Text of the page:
Is a single set of negative blood cultures sufficient to ensure clearance of bloodstream infection in patients with Staphylococcus aureus bacteremia? The skip phenomenon.
Infection. 2019 Jul 11;:
Authors: Fiala J, Palraj BR, Sohail MR, Lahr B, Baddour LM
BACKGROUND: The most recent version of the Infectious Diseases Society of America guidelines for the treatment of methicillin-resistant Staphylococcus aureus infections states that a single set of negative blood cultures is sufficient to demonstrate clearance of bacteremia. However, S. aureus might exhibit fluctuating blood culture positivity, labeled as "the skip phenomenon". Our objectives were to determine the prevalence of the skip phenomenon in a cohort of hospitalized patients with S. aureus bacteremia and to determine the associated clinical variables.
METHODS: We conducted a nested case-control study, using a previous cohort of 757 adult inpatients between July 2006 and June 2011 with ≥ 3 days of S. aureus bacteremia. Each case of S. aureus bacteremia with the skip phenomenon was matched to 2 to 4 controls based on age, gender, and duration of bacteremia. The association of clinical characteristics with the skip phenomenon was analyzed via conditional logistic regression.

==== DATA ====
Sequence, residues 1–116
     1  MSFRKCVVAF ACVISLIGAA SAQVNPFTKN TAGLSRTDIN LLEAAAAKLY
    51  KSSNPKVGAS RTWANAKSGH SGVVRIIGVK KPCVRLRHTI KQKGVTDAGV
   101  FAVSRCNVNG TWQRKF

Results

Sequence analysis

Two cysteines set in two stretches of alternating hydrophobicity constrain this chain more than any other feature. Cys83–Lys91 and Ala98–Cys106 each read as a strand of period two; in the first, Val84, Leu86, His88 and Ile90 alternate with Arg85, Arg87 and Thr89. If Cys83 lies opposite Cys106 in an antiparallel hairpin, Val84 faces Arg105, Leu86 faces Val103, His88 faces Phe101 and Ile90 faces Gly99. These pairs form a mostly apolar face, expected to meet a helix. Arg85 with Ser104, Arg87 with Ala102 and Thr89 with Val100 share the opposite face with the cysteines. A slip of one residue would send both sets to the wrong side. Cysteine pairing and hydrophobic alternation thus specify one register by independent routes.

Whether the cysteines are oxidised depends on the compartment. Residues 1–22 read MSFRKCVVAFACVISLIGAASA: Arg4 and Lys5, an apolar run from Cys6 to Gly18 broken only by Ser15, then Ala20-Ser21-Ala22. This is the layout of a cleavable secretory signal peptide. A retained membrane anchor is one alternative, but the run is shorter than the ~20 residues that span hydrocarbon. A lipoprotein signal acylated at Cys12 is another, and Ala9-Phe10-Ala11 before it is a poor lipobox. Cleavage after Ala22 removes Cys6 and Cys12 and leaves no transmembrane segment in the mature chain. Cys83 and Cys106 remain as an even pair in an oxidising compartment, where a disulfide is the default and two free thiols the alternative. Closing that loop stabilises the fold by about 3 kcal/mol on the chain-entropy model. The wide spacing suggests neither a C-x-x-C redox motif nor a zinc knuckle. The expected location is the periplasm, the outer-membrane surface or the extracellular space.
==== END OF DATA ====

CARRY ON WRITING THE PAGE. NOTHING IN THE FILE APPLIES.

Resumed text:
RESULTS: Of the 757 patients in the cohort, 29 (4%) had the skip phenomenon. 26 (90%) patients in the cases group were male. The median age was 69.4 years (interquartile range [IQR] 58.7 to 80.3). Although an attempt to match for the duration of bacteremia was done, there was a statistically longer duration in patients with cases as compared to that in controls (median [IQR], 10 [7-12] days, vs 8 [6-10] days; P = 0.015). Accordingly, duration of bacteremia was adjusted for in regression models. Notably, 26 (90%) patients in the case group were receiving chronic immunosuppressive therapy, as compared to 69 (79%) patients in the control group (P = 0.427).
CONCLUSION: Our findings prompt consideration of a practice chance to obtain serial negative blood cultures to ensure clearance of bacteremia among patients with S. aureus bacteremia.
PMID: 31297719 [PubMed - as supplied by publisher]